To perform something that is new or pivotal often stipulates some stress. This can be a concern when such pressures outstrip. Evidently, feeling nervous, sweating, and fear for prolonged periods is not healthy. Some individuals are observed to avert subjects like math, probably due to math anxiety. In such contexts, the stress can be mitigated by knowing about similar others and their ways of managing these pressures.
There are many other people in varying demographics who also have similar disquiets. Here we look into available figures and statistics of the same along with relevant insights to assist you with number unease.
Math anxiety- How common do people feel it?
Many people believe that math anxiety is rare and is often arduous to explore the reason behind it. But the truth is almost half of adults in the U.S suffer from a math phobia, and the number is higher for women than men, as explained in the study by Newsroom.
Kids can get anxious before they even begin kindergarten. Mentors and instructors may observe such uneasiness in early schools. Probably the alarming thing is it builds on itself when kids perform substandard in math or avoid learning new things because of their fear. If you’re frequently nervous or upset when doing math, it may soon constraint your ability to perform.
What exactly is a kid’s feeling when dealing with this? Math anxiety is a widespread problem found in students of all ages, especially adolescents. Lucy Sells in her study outlined that almost 92% of female first-year students were math-anxious. This made them compromise on career choices, almost filtering about 70% of the opportunities available.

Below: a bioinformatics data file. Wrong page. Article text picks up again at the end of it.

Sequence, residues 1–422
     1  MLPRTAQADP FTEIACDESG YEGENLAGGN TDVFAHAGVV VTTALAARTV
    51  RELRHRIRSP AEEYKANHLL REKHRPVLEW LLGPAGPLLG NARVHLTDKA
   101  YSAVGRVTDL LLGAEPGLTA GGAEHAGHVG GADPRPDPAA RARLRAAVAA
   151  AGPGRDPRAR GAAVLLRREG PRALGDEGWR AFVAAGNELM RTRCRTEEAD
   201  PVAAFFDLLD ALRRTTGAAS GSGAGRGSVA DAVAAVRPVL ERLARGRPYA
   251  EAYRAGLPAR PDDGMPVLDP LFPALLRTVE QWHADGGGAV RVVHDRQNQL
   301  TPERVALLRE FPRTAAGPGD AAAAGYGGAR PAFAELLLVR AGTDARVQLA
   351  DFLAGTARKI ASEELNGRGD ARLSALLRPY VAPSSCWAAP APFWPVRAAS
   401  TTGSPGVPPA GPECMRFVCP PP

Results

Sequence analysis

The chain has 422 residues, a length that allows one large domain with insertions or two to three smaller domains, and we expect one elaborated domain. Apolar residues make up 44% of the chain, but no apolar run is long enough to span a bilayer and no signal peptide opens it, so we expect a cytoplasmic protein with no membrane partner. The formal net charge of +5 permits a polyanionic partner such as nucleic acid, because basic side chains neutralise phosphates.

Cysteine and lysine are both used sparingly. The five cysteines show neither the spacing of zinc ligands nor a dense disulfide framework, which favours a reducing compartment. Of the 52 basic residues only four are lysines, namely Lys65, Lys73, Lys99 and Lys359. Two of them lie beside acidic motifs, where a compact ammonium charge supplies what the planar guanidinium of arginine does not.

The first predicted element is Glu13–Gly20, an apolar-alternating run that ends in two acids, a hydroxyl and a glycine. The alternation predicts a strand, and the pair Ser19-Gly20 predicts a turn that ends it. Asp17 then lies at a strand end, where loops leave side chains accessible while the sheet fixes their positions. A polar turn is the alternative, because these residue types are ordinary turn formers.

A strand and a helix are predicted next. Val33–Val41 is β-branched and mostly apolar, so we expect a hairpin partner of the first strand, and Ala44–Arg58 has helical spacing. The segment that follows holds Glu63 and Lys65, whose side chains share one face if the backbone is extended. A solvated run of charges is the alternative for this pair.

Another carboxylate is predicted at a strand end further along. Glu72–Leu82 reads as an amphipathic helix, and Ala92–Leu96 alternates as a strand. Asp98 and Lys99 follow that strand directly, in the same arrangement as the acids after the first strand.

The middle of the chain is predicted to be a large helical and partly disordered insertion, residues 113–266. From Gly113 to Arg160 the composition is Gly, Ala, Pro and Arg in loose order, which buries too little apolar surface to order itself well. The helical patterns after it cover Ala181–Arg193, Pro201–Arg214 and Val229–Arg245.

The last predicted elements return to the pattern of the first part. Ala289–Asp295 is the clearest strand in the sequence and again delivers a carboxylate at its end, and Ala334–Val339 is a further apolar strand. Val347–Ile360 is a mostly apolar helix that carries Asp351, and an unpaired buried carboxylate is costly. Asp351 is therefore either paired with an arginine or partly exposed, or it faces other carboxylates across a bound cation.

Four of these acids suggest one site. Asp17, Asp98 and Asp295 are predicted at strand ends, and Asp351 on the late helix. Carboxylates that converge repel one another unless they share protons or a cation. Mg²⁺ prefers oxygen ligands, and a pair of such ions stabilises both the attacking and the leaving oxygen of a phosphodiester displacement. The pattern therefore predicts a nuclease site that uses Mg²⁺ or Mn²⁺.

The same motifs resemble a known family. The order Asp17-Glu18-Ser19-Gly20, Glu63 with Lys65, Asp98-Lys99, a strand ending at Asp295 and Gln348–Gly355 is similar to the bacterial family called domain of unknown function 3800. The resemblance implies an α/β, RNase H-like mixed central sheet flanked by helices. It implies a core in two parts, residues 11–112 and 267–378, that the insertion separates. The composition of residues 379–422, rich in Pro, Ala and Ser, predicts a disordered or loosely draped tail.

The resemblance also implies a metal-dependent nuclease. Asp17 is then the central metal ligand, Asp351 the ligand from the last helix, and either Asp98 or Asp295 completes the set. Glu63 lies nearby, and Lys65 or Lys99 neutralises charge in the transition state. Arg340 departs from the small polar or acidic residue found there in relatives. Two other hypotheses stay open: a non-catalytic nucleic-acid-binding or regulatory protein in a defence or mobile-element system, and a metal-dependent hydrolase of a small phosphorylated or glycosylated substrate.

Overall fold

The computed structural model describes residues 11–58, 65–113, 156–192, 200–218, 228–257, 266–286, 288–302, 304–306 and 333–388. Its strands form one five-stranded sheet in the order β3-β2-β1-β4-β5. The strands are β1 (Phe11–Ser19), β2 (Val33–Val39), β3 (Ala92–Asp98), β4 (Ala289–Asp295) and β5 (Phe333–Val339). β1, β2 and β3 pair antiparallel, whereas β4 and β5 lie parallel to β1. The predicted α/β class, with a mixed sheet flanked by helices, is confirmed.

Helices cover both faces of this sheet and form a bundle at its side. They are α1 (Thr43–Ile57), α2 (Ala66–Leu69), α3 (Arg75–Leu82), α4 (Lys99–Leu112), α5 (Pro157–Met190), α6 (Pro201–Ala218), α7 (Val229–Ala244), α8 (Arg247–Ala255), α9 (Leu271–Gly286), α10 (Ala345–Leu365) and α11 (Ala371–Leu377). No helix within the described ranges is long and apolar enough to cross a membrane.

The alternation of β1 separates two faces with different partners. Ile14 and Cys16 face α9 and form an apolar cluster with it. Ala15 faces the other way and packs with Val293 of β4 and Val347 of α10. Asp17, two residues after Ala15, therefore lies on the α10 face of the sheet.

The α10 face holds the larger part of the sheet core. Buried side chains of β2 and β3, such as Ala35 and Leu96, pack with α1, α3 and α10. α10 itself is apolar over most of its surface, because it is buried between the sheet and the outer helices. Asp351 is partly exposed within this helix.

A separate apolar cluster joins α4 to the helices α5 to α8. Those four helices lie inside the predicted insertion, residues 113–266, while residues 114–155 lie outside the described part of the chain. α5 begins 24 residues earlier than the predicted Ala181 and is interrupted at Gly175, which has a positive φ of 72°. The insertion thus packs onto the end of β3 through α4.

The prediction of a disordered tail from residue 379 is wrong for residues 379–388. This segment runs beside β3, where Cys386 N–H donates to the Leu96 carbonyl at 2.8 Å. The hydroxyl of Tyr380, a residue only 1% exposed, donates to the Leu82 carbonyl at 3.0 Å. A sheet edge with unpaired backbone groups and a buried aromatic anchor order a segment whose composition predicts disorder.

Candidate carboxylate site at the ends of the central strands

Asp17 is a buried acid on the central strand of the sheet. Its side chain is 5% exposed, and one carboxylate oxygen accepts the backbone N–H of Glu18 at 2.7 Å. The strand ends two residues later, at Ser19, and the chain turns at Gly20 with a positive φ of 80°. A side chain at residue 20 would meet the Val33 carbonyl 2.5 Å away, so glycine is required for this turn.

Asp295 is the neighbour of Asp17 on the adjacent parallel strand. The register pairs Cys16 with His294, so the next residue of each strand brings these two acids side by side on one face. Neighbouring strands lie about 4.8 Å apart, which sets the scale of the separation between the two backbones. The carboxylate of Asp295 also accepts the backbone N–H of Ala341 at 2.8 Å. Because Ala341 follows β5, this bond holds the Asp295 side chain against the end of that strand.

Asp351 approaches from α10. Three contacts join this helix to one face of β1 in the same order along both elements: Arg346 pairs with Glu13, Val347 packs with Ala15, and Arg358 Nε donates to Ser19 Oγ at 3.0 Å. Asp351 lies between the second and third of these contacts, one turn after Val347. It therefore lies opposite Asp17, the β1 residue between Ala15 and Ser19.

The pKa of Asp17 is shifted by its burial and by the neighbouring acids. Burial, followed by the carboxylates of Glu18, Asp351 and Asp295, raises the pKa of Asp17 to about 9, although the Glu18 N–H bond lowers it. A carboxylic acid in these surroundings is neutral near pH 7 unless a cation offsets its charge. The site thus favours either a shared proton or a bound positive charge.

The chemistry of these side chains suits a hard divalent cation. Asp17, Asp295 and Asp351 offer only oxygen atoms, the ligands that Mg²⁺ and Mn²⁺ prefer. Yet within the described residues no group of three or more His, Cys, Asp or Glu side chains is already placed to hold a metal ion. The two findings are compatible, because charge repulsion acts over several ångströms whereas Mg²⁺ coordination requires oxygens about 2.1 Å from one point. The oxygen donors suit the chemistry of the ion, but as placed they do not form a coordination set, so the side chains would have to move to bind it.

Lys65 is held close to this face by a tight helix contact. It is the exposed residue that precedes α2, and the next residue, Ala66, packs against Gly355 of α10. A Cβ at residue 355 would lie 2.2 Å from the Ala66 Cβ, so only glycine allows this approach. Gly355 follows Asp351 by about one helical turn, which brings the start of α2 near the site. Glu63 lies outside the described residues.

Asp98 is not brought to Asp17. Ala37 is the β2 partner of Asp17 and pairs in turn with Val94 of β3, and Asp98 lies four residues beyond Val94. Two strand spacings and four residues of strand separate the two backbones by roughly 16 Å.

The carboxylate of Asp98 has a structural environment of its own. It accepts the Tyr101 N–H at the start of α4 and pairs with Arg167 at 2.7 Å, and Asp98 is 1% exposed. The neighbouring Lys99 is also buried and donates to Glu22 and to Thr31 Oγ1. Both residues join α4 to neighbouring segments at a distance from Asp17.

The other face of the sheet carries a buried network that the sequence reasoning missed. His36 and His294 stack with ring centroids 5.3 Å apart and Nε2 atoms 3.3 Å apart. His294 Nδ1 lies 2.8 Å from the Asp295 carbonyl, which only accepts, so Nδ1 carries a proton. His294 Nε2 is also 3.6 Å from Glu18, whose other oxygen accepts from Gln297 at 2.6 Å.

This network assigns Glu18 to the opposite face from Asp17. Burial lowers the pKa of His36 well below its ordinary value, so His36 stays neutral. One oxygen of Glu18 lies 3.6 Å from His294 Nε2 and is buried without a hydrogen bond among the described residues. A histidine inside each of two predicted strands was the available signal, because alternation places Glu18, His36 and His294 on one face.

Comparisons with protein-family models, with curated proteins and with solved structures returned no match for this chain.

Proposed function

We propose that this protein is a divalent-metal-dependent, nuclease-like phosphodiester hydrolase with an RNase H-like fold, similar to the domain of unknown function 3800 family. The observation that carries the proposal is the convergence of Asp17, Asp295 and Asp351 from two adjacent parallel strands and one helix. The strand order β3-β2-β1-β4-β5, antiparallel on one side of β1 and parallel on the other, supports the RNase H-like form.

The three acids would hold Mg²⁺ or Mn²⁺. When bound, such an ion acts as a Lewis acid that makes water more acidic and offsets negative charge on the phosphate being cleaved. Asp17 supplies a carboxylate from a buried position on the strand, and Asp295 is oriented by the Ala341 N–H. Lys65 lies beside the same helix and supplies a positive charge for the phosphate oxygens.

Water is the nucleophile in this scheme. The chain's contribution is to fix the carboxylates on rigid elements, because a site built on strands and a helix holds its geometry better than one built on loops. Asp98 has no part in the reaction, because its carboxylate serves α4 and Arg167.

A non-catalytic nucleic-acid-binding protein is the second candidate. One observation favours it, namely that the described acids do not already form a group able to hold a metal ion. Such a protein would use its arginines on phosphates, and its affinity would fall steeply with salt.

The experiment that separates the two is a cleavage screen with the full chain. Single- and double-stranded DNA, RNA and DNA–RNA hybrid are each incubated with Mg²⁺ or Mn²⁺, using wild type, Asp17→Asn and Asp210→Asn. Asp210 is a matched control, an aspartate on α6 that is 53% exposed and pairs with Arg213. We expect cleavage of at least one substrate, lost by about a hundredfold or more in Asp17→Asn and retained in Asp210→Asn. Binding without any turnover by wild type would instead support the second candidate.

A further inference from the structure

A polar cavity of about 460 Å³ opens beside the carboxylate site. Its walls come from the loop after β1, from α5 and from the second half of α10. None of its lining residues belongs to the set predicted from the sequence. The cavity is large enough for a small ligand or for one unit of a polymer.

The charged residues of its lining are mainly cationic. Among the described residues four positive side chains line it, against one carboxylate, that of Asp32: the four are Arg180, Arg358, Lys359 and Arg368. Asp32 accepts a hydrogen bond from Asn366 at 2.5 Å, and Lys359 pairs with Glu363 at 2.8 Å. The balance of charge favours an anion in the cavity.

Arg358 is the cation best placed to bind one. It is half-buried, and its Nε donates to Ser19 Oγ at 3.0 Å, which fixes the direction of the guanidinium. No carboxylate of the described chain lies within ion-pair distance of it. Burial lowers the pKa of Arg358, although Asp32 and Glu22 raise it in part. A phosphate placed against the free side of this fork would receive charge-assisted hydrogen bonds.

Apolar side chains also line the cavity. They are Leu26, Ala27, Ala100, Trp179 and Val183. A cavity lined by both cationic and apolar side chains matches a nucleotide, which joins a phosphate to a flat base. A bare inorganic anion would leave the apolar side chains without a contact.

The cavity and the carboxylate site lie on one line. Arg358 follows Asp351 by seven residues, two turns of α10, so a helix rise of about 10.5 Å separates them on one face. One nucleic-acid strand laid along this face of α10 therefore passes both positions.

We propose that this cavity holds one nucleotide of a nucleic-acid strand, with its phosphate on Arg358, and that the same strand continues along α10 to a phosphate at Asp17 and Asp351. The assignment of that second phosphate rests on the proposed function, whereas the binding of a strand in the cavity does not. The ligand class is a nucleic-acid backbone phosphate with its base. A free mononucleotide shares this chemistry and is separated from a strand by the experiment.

Calculation consternation- What leads to disquiet?
Addressing and resolving math equations may lead to a lot of stress. Neuroscientists like Silan Beilock have discovered the things that cause math anxiety and what happens in our brains when we worry about it. In his research at the University of Chicago, he found that when our working memory is put under a challenge or threat like coming up with the solution to a difficult math problem, we have a harder time finding the answer. The way math is taught to children can have a lasting effect on how their lives work out. Learning math in a group situation can be difficult for those struggling with calculations.
That being the case, here are some reasons why math anxiety can arise:
1. Negative Beliefs: Students may hold fixed views about their mathematics ability, e.g., they are ‘not a math person or cannot improve at mathematics through effort or practice. Wigfield studied the probable reason for math anxiety in children. The results showed that the worry component related more strongly and positively, and not their level of attachment with the subject.
2. Bad Experiences: Generally, beliefs are built through experiences. If a kid scores less than average in multiple math tests, he will probably conclude math is not his cup of tea. One’s experience also comes from what parents, teachers, or peers say about a kid’s capabilities. Godbey in his research mentioned that causes of math anxiety might include under-preparedness, school absences, parents perpetuating the myth that math ability is hereditary, and negative past experiences with teachers. Accordingly, a few strategies to mitigate were also suggested.
Math anxiety statistics- Comprehending engrossing numbers
Anxiety in math is often seen in students. While this can be occasional in some individuals, exact figures of the population can be taxing to estimate. Nevertheless, some relevant intriguing stats can motivate you.
U.S. Bureau of Labor Statistics marked that occupations obligating math notions have been increasing drastically. It was expected to amplify by about 28% comparing those in 2020 and 2030. These numbers depict that the significance of math is on the verge of increasing, which implies the need to learn these notions.
Ann Dowker has studied the history of Mathematics anxiety in the past sixty years. As a part of this, he outlined some noteworthy statistics findings. They are:
- In 1972, Richardson and Suinn calculated that around 11% of university students show high levels of math anxiety